Although we are not Wellesleyans, based on our understanding of the Chinese Communist Party and our close knowledge of the Party’s practices, we are sure your partnership is sanitized and bleached to prevent you from any meaningful discussion with your PKU partners about some of the most important and riveting issues regarding China and the world.
And worse, since the university authorities, not independent but also directed by the Communist Party, have control over what you would be exposed to, and your activities would be monitored carefully, you would be led to believe the China they package and present to you is the real China if you are not thinking vigorously and seek out for yourself.
With spite and clenched teeth, Professor Charles Bu spoke of “freedom fighters.” We don’t know if we deserve to be call freedom fighters, but we are convinced that freedom is worth fighting for.
Fengsuo Zhou, California.
Yaxue Cao, Washington, DC.
A timeline of the events from September 2013 to the present:
1) On September 3, 2013, 100+ Wellesley professors published a letter to Peking University regarding the possible dismissal of Professor Xia Yeiang;
2) On September 13, 2013, Professor Cushman published the article Conscience and Compromise: The Troubling Case of Yeliang Xia in the Chronicle of Higher Education;
3) On October 18, 2013, a Friday, Peking University formally announced the dismissal of Professor Xia Yeliang;
4) On October 22, 2013, Professor Charles Bu published in Xinhua News website the article In American Universities Faculties Also Have to Be Evaluated to Get Contract Renewal (Wellesley has a full translation);
5) On October 29, Prof. Bu published the article Why the PKU partnership is good for Wellesley in The Wellesley News;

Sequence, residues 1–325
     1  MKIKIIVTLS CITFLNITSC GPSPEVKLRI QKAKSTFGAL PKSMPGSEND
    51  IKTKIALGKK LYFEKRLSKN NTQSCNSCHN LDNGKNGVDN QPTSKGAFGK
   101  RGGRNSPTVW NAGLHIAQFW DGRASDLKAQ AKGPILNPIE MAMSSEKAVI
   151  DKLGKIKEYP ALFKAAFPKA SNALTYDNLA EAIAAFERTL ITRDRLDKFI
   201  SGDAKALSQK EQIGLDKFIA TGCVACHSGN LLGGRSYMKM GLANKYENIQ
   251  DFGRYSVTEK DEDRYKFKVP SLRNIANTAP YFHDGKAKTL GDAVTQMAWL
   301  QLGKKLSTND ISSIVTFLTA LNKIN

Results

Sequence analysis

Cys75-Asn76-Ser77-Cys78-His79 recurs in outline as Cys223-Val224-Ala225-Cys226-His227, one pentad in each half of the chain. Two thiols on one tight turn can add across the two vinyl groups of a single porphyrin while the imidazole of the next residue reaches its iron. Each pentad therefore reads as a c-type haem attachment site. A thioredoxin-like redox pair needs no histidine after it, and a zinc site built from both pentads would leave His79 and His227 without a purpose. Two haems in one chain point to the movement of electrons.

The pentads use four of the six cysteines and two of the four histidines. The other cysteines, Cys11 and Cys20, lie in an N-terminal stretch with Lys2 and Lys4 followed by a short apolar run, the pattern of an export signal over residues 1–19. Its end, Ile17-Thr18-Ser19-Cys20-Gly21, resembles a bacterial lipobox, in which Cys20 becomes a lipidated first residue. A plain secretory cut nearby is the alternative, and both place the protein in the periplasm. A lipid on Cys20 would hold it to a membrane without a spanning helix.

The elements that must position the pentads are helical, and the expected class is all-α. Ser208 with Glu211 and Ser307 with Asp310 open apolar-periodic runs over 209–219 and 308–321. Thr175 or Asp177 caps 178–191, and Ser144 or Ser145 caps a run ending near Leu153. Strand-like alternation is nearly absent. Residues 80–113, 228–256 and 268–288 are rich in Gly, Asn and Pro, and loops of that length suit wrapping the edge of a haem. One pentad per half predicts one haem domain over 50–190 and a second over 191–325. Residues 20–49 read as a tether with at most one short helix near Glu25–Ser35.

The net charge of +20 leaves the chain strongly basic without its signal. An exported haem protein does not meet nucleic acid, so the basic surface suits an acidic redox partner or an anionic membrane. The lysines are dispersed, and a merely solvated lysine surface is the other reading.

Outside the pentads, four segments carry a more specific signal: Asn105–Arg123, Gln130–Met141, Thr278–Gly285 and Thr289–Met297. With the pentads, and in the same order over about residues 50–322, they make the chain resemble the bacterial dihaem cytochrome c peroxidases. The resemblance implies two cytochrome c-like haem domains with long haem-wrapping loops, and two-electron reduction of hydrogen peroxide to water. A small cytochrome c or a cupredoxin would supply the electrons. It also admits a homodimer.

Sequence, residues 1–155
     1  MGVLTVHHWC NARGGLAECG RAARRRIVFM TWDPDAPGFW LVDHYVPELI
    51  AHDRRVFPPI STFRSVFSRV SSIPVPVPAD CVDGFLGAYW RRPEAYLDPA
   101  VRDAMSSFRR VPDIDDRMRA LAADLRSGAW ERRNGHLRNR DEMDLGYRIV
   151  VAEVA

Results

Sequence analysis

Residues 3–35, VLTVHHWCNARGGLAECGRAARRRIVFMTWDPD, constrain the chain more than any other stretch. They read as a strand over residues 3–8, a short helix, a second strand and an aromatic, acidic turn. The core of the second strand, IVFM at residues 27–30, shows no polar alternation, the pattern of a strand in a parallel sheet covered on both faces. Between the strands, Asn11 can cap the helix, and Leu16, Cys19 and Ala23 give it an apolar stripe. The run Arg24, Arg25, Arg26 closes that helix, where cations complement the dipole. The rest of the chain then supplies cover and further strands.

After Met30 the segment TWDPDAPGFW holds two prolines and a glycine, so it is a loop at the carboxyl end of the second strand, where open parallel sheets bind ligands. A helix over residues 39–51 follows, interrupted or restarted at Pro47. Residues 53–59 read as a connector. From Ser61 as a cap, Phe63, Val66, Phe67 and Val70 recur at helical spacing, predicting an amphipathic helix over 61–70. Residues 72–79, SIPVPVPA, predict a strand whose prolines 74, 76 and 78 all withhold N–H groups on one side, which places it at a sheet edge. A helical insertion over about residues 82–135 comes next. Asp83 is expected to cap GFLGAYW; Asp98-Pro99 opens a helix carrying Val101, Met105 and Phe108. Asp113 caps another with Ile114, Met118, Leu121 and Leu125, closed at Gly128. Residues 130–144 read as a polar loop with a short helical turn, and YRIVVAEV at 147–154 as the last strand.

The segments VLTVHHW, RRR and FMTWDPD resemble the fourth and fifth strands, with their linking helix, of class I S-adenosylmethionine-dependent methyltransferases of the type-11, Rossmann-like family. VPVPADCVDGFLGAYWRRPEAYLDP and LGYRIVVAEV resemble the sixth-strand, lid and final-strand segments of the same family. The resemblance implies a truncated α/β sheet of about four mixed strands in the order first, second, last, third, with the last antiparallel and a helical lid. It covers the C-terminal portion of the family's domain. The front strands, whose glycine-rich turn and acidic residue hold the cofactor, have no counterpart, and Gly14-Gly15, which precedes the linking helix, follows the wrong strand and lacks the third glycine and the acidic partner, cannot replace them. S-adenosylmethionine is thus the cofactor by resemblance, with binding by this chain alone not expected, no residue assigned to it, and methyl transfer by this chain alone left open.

6) On November 3, Prof. Bu published the article Journalists Should Ask Peking U. Students About Yeliang Xia in the Chronicle of Higher Education;
7) On November 25, 2013, Yaxue Cao posted Why Is a Math Professor at Wellesley So Hard Hitting against an Economics Professor Fired by Peking University in China on China Change website;
8) On February 27, 2014, Professor Cushman gave a presentation at Cato Institute: Chinese Intrusions into American Universities: Consequences for Freedom;
9) On Oct 5, 2014, New York Times published an article about Professor Cushman, Policing University Partnerships in Authoritarian Countries;
10) On October 22, 2014, Professor Bu published the article I am not a Communist spy in The Wellesley News;
11) On October 23, 2014, Professor Cushman published a rebuttal On Charles Bu’s Falsehoods in The Wellesley News;
12) On Oct 26, 2014, 20+ Wellesley faculty members voiced disapproval of Prof. Cushman in The Wellesley News;
13) On Oct 27, 2014, a faculty/student/alumni petition against Prof Cushman led by Sophia S. Chen, Class of 2013, was initiated. Unclear how many people have signed the petition;
14) On Oct 27, 2014, Yaxue Cao explained how her report from a year ago came about in a Letter to the Editor of The Wellesley News;
15) On Oct 30, 2014, Prof. Bu threatened to bring a lawsuit against Yaxue Cao in his Letter to the Editor of The Wellesley News;
16) On November 4, 2014, Fengsuo Zhou and Yaxue Cao posted Take a Considered Position through Disciplined Thinking – An Open Letter to Wellesley College on China Change website.
17) On November 6, 2014, Wellesley Student Tiffany Chan published the article Conflict between Professors Bu and Cushman Creates Unsafe Environment in The Wellesley News.
By Yaxue Cao, published: October 26, 2014
Almost a year ago, I posted a report titled “Why Is a Math Professor at Wellesley So Hard Hitting against an Economics Professor Fired by Peking University in China” on this website. This week, on October 22, the story entered a second season when the math professor in question – Professor Charles Bu – posted the article I Am Not a Communist Spy in The Wellesley News. On October 23, Thomas Cushman, Professor of Sociology and Director of Wellesley’s Freedom Project, posted in the same paper a rebuttal, On Charles Bu’s Falsehoods, in response to Professor Bu’s accusations against Cushman. I am also among the people accused by Professor Bu of participating in a “McCarthy-style witch hunt.” The following is my response, and it is also available in The Wellesley News.